Whether you were trained on an electric typewriter or more current keyboard classes, there are definite differences in what you were taught in school and what works for page layout in books.
Did you learn the home-row keys in school? Can you say them in order without moving your fingers to remember which key is where? Those who type with two fingers may not understand what home-row keys are, but for those that do, let’s take a closer look and undo a few concepts.
Design layout for a business letter is not the best layout for a book. Business letters, school reports and other documents you produced while learning to type were set up for easy, quick reading in short amounts of time. A book, on the other hand, is multiple chapters of information and a professional looking page layout has been designed from research over the years to be easy on the eyes of the reader, where hours could be spent reading umpteen pages with the least amount of strain.
In the world of self publishing, you want your book to be of high standards as it has to compete with traditionally published books and the growing population of new self published authors. Many writers feel they can design their own book after finishing the manuscript and save money by doing it themselves, right? Warning: Nothing stands out, or screams amateur more than pages of a book set up like a business letter, blog or how you were taught in typing class.
When a possible buyer flips through your book, the pages should look professional, book-industry standard. Sadly, many self published books do not keeping a negative vibe over the process and you may lose sales because of it. Open a similar genre book in the library or local bookstore. Nothing should pop out or immediately draw attention away from the information or story.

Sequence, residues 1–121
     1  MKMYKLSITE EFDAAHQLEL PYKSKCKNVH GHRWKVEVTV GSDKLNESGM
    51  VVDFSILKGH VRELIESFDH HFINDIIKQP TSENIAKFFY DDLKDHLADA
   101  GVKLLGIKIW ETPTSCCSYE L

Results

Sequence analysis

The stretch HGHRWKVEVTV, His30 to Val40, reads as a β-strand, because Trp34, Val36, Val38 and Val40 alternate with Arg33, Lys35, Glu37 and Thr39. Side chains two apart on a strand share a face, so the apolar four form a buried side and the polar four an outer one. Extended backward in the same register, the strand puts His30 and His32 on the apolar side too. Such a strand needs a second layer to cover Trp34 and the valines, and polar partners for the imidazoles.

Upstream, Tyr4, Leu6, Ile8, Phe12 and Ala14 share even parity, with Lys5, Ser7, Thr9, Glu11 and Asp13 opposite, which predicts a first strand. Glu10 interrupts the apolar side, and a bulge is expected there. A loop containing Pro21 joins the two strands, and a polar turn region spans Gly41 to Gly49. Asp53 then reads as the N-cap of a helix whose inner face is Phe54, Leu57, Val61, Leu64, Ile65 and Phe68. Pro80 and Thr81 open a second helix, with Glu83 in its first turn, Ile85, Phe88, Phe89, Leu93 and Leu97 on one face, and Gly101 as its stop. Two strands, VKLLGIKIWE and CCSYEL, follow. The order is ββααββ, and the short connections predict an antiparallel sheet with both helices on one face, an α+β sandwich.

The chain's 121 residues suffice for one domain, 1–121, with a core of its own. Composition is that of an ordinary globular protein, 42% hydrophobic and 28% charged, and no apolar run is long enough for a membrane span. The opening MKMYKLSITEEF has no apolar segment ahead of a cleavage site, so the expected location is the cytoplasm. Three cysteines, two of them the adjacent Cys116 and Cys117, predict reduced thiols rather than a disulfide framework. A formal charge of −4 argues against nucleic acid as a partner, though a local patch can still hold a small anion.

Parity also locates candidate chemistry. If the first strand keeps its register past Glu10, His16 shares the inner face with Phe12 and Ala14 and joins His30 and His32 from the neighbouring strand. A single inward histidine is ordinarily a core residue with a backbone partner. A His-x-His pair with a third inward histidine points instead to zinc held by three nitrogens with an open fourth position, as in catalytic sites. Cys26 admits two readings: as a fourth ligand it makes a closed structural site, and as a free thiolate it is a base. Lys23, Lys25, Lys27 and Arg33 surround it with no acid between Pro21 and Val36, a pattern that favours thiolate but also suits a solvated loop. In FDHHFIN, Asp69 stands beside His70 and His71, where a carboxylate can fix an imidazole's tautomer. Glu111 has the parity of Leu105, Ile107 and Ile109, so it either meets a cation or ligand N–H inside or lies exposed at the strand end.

Most common mistakes found are:
- Using Times New Roman for the text. There are a dozen serif fonts you can use which will enhance the readability of your book. The TNR font was originally created for newspaper print, columns of text. Trying to read a novel in Times New Roman is tough and tiring on the eyes. It can be used in a double-spaced manuscript for an agent or publisher review. The double-spaced lines and wide one-inch margins will compensate for the font. Just because it is typically the default font in your Word program is no reason to use it for book layout.
- Extra spacing between paragraphs. When reading a novel or memoir there should be no additional break between paragraphs unless there is a scene break or change in the point of view. When your eyes see the extra divide, they will pause and alert something different is coming. If you layout your text with double-spacing it is more difficult for your reader to stay with the flow of the story. Subconsciously, there is a slight pause after every paragraph disrupting the action or drama going on.
- Two spaces after a period. Since book design is set up for full justification, you want only one space after a period. Any more will hurt the flow of the type causing compression or expansion between words in a sentence or paragraph. This can create rivers of space in the text or just noticeable gaps.
These are a few of the differences between a professionally designed book and one homemade. You want to give your book, your information, the best advantage out in the world of publishing. It’s not worth saving a few dollars now to possibly losing more revenue in the future.